CIC News > Latest News > Immigration > More low-skilled workers should become permanent residents, study says Ryerson University study recommends a high-volume pathway to permanent residence for lower-skilled residents in Canada.
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More low-skilled workers should become permanent residents, study says Ryerson University study recommends a high-volume pathway to permanent residence for lower-skilled residents in Canada.

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Canada should do more to retain lower-skilled temporary residents in Canada, according to a Ryerson University policy brief.

The brief was published by the Canada Excellence Research Chair (CERC) in Migration and Integration.

The CERC is a program that supports Canadian universities by awarding world-renowned researchers up to $10 million to establish research projects. The CERC in Migration and Integration at Ryerson University is the first CERC awarded to the university.

Every year, Canada welcomes over 350,000 new permanent residents, around two thirds had lived in Canada temporarily beforehand. Despite the COVID-19 pandemic, Canada is committed to welcoming large numbers of new immigrants.

There are also around 600,000 temporary residents who come to Canada annually. Most of those who become permanent residents, however, work in what are called “highly skilled” occupations. Temporary residents in so-called “low skilled” occupations have less opportunities to transition to permanent residence.

The COVID-19 pandemic has further highlighted the importance of low-skilled workers to the economy. These workers took jobs like grocery store clerks, hospital cleaners, and farm workers.

Demand for lower-skill jobs is also expected to grow as a consequence of increased demand for labour over the next decade, although this growth is projected to unfold at a lower rate than high-skilled jobs.

Sectors such as childcare, family services, commercial transportation, food services and building construction are projected to grow over the next 10 years. Also, Canada’s aging population will increase demand for health care and social services, as baby boomers reach retirement age.

This increasing demand for lower-skill jobs may be due to Canadian-born workers’ reluctance to fill these positions. Many high-skilled permanent residents end up with lower-skilled jobs because of this high demand.

What current immigration programs target lower-skill workers?

The British Columbia Provincial Nominee Program (BC PNP) regularly invites a number of low-skilled workers to apply for provincial nomination for permanent residence. This is through the Entry Level and Semi-skilled Worker category.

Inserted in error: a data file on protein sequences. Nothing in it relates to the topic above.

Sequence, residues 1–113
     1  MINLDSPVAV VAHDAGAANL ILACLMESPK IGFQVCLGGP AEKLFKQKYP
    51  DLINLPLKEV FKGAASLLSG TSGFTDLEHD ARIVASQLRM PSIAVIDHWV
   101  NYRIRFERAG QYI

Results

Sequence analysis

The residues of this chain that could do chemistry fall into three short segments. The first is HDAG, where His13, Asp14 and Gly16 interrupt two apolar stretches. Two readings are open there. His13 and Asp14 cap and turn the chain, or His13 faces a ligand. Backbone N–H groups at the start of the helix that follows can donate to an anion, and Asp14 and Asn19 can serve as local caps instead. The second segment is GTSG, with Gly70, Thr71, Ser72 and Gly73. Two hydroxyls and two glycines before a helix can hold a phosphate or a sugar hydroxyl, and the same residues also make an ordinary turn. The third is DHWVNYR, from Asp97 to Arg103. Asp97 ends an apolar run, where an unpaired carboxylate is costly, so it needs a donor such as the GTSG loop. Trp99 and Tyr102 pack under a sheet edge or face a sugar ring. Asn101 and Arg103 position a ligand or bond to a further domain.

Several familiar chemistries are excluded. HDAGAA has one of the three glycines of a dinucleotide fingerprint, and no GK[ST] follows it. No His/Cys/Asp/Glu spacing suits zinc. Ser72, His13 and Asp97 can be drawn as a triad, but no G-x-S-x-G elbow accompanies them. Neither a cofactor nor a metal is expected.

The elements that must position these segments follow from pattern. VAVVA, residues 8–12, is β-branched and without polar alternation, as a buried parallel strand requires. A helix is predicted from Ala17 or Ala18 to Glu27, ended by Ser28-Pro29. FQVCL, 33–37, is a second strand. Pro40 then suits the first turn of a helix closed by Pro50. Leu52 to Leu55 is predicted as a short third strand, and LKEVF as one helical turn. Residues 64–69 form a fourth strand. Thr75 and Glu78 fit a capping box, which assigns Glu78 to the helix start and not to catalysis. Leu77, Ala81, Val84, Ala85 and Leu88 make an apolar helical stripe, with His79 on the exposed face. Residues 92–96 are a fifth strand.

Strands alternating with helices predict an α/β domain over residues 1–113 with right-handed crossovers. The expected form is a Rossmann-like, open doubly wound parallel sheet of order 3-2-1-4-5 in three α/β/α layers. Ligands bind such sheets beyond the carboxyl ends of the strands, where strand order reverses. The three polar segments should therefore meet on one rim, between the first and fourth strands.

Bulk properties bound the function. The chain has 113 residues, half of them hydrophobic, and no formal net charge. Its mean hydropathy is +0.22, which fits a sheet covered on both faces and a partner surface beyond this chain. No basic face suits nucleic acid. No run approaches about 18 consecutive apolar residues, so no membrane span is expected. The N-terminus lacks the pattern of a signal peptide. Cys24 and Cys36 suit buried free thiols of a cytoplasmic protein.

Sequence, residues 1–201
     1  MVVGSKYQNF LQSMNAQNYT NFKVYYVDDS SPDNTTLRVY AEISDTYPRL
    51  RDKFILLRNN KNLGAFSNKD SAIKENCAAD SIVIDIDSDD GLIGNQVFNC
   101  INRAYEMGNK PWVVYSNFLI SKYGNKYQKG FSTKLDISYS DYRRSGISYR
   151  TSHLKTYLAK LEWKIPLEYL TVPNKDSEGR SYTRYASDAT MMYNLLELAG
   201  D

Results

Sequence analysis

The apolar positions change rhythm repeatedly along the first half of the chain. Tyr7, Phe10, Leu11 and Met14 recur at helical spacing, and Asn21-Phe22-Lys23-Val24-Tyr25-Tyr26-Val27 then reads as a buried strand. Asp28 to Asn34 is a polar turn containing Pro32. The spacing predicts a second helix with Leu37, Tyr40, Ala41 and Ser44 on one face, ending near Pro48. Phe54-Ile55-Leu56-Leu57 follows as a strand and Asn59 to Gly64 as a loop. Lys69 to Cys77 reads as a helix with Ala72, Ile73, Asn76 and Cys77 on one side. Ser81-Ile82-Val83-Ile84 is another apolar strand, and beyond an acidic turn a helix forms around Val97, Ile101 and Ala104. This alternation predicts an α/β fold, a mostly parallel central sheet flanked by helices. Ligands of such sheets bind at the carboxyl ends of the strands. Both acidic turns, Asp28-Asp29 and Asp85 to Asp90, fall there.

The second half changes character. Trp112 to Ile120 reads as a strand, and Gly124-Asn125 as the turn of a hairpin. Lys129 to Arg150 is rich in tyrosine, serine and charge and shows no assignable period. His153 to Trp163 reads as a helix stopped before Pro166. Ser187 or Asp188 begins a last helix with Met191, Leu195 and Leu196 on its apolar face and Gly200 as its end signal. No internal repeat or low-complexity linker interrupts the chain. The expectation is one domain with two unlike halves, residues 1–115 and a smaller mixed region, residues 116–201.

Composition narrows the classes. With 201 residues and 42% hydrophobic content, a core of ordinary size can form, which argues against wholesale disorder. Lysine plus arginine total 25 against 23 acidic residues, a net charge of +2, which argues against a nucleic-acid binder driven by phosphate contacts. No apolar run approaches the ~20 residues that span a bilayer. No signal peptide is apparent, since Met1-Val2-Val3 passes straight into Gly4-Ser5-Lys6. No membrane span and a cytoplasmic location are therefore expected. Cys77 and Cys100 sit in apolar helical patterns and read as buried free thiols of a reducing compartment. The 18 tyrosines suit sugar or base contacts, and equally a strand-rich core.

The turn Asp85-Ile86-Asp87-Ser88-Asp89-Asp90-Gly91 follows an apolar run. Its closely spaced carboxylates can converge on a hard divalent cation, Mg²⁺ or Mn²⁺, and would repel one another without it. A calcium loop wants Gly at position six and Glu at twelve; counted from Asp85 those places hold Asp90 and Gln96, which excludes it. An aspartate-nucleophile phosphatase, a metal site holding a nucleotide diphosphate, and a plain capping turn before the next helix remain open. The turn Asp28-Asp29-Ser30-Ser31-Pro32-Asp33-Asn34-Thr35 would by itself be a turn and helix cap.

The In-Demand Skills Stream in Ontario provides some workers in high-need occupations a pathway to permanent residence.

The Atlantic Immigration Pilot is another option for lower-skilled workers who wish to immigrate to any one of Canada’s Atlantic provinces – New Brunswick, Newfoundland and Labrador, Nova Scotia and Prince Edward Island.

In addition, the Agri-Food Immigration Pilot provides 2,750 workers in the agriculture and agri-food industries a pathway to permanent residence.

One common aspect of these programs that target low skilled workers is that they are small in scale.

For this reason, the policy brief calls for expanding the two-step immigration system to include lower-skilled residents.

The two-step immigration system refers to those who come to Canada temporarily, and then transition into permanent residents.

Canada recently announced six new immigration programs for temporary foreign workers, including workers in health care, other essential workers, international graduates and French-speaking workers and graduates.

Although these new programs are time-limited, the policy brief describes them as being a step in the right direction.

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Canada should offer more options for lower-skilled workers

The policy brief recommends that Canada create a pathway to permanent residence for lower-skilled temporary workers that is ongoing, and that accepts a large volume of applicants.

It is also recommended that Canada allocates between 10 and 20 per cent of economic class applicants to lower-skilled workers, and invites eligible temporary foreign workers to apply for permanent residence.

In addition, Canada is encouraged to introduce new policies that help protect foreign domestic workers from a drop in wages.

Canada should also invest in settlement services for temporary foreign workers who are eligible to transition to permanent residence.

Finally, Canada is encouraged to communicate the economic contribution of low-skilled workers to the Canadian public to address any concerns or anti-immigration sentiment that may arise as a result.

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